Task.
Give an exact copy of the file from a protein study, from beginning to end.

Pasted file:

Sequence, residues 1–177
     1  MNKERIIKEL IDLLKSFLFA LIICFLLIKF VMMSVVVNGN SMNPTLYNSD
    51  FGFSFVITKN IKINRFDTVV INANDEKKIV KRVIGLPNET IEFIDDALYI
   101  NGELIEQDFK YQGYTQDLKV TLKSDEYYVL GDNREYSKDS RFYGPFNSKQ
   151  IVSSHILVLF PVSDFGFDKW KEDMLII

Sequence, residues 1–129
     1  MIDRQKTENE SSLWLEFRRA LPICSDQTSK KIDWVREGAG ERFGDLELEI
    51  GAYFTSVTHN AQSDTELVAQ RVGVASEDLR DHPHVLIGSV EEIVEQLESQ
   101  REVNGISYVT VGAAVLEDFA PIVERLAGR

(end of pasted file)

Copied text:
Sequence, residues 1–177
     1  MNKERIIKEL IDLLKSFLFA LIICFLLIKF VMMSVVVNGN SMNPTLYNSD
    51  FGFSFVITKN IKINRFDTVV INANDEKKIV KRVIGLPNET IEFIDDALYI
   101  NGELIEQDFK YQGYTQDLKV TLKSDEYYVL GDNREYSKDS RFYGPFNSKQ
   151  IVSSHILVLF PVSDFGFDKW KEDMLII

Sequence, residues 1–129
     1  MIDRQKTENE SSLWLEFRRA LPICSDQTSK KIDWVREGAG ERFGDLELEI
    51  GAYFTSVTHN AQSDTELVAQ RVGVASEDLR DHPHVLIGSV EEIVEQLESQ
   101  REVNGISYVT VGAAVLEDFA PIVERLAGR